All the work happens at compile time (let’s ignore the dynamic for a moment, we’ll get to that as well) so no additional work at runtime is required. Since the compiler is very powerful, why not go one step further.
I think by simply extending this approach the following scenarios could be enabled.
- using value returned by static parameterless method (this includes static property getters) as default value.
- using value returned by instance parameterless method defined on the same type (or base type of the type) as called method is defined on (this would only be applicable for instance methods).
- using default, parameterless constructors as default value.
- or if we wanted to extend it further: using value returning by any variant of the above that does take parameters that are allowed to be put in the attribute (including both constants, and values of other parameters).
Let us examine how this could be (I think) achieved.
The spoon does not exist
What we would need is a way to store information which method, or constructor of which type we want to invoke in case no default value is provided. Since tokens are legal in attributes, the existing approach could be extended with something like this:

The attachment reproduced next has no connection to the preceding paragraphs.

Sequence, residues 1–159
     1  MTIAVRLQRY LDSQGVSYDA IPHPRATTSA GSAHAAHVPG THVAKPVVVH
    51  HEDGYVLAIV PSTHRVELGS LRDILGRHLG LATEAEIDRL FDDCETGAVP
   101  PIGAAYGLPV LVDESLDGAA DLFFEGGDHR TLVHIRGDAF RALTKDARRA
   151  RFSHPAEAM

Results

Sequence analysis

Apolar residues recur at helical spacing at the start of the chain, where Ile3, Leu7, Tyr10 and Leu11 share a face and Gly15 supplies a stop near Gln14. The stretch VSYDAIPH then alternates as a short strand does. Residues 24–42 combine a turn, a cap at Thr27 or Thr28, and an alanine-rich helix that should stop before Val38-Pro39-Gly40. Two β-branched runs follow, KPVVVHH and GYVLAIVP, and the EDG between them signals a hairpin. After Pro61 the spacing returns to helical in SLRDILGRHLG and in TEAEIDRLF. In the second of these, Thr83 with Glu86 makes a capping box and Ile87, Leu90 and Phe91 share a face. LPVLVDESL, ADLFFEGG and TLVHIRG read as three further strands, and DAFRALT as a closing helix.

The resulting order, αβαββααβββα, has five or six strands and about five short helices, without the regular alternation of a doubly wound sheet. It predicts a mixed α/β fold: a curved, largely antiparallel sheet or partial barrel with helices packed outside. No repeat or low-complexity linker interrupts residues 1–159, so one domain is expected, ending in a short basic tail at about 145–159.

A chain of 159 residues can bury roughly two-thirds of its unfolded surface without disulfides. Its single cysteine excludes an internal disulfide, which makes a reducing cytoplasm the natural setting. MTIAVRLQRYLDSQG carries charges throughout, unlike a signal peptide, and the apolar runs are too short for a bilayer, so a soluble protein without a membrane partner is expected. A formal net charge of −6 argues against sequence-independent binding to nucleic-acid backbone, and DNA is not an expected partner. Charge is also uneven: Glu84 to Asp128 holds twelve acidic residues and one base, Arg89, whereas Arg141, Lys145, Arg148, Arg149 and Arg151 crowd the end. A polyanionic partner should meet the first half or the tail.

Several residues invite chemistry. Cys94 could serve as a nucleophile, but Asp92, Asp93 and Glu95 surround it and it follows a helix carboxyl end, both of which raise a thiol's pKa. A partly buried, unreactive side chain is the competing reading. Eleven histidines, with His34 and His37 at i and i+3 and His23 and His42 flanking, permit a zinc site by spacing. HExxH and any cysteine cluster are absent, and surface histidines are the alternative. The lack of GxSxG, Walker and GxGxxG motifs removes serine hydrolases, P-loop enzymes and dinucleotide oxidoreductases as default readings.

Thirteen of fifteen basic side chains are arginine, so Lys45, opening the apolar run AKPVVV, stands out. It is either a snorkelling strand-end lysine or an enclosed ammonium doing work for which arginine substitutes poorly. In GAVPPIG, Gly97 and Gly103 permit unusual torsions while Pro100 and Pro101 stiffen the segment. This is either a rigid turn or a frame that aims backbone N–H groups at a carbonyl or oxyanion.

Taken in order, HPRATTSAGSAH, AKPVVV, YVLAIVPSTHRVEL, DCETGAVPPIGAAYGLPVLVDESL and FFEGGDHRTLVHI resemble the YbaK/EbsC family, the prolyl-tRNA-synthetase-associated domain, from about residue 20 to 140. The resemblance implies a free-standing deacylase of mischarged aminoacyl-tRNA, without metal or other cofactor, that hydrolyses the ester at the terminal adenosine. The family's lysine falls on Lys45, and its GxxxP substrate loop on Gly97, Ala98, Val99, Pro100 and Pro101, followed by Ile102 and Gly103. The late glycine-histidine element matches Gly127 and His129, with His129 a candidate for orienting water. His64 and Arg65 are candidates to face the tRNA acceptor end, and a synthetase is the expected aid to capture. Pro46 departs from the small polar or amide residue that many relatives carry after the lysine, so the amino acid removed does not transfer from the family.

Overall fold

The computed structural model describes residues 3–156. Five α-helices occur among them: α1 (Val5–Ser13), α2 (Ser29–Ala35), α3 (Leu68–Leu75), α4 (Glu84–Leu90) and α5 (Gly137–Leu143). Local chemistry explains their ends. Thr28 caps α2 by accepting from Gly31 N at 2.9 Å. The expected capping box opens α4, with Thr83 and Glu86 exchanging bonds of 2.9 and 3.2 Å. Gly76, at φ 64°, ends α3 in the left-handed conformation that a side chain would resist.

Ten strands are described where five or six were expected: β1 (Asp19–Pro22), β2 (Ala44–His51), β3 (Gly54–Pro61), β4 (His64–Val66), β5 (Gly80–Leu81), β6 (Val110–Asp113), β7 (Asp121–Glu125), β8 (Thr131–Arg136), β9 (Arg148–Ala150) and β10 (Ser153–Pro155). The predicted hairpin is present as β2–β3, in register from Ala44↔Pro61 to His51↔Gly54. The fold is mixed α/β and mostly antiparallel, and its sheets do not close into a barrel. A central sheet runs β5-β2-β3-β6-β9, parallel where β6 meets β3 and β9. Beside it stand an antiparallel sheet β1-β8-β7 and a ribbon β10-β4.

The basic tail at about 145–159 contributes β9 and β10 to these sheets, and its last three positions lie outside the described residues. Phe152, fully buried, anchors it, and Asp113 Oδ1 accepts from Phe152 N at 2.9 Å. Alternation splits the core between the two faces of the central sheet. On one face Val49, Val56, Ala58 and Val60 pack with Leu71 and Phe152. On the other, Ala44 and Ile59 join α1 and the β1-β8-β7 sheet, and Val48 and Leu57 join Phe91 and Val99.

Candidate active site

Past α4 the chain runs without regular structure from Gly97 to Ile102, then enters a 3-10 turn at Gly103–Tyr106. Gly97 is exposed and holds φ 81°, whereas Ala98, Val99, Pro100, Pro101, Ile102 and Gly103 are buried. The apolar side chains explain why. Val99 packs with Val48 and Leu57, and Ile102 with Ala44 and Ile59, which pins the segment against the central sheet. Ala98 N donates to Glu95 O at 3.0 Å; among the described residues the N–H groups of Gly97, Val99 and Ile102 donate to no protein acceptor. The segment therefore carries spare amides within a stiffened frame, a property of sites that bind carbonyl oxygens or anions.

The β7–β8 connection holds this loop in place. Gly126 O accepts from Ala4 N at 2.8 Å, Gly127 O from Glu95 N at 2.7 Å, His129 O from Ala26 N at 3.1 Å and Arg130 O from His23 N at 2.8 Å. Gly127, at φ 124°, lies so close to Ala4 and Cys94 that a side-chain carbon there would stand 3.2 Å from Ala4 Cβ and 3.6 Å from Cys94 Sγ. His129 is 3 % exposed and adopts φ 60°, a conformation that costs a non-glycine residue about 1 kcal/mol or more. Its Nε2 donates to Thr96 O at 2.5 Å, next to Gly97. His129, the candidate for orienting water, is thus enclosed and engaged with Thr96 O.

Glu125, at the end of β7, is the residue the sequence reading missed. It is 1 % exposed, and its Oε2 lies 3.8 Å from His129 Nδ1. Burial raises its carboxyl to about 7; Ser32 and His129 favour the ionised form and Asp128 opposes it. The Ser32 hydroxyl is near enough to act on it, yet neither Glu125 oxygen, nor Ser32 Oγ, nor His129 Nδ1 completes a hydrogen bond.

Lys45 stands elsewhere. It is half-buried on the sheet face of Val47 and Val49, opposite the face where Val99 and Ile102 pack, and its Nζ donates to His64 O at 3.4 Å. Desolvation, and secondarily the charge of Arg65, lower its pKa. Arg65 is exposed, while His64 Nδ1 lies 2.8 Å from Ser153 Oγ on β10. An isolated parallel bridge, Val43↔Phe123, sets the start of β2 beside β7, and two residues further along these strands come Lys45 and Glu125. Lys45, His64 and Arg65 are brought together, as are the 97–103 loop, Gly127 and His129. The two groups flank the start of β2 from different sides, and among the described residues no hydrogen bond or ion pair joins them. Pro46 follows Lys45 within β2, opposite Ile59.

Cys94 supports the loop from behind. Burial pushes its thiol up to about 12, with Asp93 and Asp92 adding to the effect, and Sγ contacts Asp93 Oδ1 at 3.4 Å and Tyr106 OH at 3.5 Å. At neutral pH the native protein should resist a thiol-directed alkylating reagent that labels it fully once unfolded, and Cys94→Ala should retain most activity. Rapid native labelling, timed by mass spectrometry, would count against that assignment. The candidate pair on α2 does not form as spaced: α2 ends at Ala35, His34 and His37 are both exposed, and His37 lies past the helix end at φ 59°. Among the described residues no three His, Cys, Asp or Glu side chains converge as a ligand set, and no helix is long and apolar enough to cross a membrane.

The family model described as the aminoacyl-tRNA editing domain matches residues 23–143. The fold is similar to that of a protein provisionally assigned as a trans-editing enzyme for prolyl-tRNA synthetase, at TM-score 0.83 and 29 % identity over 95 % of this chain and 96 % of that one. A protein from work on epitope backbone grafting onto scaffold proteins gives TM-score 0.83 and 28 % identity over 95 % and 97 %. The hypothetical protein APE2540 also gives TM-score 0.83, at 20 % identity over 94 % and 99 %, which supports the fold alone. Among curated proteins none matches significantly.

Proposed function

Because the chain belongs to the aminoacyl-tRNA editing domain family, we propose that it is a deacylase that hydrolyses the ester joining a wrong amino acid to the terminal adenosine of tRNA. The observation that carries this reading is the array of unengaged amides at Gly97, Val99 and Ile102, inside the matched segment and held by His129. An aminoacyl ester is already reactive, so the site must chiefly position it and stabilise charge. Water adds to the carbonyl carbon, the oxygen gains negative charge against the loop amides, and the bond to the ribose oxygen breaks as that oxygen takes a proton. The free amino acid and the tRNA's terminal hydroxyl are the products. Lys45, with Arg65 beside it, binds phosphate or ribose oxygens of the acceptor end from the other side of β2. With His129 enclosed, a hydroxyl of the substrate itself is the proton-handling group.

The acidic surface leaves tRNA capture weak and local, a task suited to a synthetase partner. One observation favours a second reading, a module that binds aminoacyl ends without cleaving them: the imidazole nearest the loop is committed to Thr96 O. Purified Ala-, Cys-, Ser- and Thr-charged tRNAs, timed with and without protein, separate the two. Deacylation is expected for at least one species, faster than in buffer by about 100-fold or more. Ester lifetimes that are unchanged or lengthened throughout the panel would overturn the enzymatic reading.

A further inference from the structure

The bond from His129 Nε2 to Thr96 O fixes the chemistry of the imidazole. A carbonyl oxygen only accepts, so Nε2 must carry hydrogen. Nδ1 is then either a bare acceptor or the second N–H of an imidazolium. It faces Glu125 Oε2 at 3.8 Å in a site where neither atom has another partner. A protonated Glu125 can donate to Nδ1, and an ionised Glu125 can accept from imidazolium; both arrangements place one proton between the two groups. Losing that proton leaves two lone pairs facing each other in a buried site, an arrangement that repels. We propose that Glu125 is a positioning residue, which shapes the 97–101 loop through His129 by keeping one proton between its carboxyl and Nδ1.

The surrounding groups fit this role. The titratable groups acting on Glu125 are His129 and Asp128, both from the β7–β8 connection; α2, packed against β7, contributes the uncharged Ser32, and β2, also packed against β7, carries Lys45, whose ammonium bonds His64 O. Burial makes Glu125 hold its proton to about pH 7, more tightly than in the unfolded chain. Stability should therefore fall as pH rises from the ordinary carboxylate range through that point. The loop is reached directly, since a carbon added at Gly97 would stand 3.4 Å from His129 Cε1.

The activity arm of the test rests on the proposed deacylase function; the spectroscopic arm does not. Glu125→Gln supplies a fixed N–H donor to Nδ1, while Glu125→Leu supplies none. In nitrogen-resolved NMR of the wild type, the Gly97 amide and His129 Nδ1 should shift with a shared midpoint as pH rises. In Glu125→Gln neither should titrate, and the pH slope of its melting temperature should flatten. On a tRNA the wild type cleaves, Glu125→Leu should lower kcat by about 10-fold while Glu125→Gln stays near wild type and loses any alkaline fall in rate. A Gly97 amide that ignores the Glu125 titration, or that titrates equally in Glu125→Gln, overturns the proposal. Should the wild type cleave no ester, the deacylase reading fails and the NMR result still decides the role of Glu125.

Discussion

We have a way of storing the method. Now, the compiler could easily retrieve the token and invoke the called method.
- If value provider is static there’s no problem – just call it, regardless of whether called method is an instance or static method.
- If value provider is instance method, and called method is instance method as well, invoke the value provider on the instance on which called method is being invoked (hence the requirement that value provider must be declared on the same type as called method or its base type).
- If value provider is instance method but called method is static do not allow (at compile time!) this code to compile, since there’s no instance to call the value provider on.
When it comes to constructors it is even simpler – since we allow only default constructor, at compile time we would check if the type does indeed have default, accessible constructor, and disallow the code to compile otherwise. Then when the called method is being invoked, retrieve the type token and call the default constructor on that type.
What about dynamic code?
I don’t have very intimate knowledge of dynamic code yet, but I think this could work with dynamic code as well. The compiler would put all the information on the call site (new concept introduced in .NET 4.0) and this would be all we need. In C# 1.0 having MethodInfo of a method you could invoke it. Same having System.Type it is easy to find and invoke it’s default constructor using little bit of reflection. I really see no reason why this would not work.
What do you think – am I missing part of the picture – is it something terribly wrong with my idea that would restrain it from working? Or maybe C# team didn’t really want (as they used to) implement this feature so they provided only the minimal implementation they needed for other major features, COM interop specifically.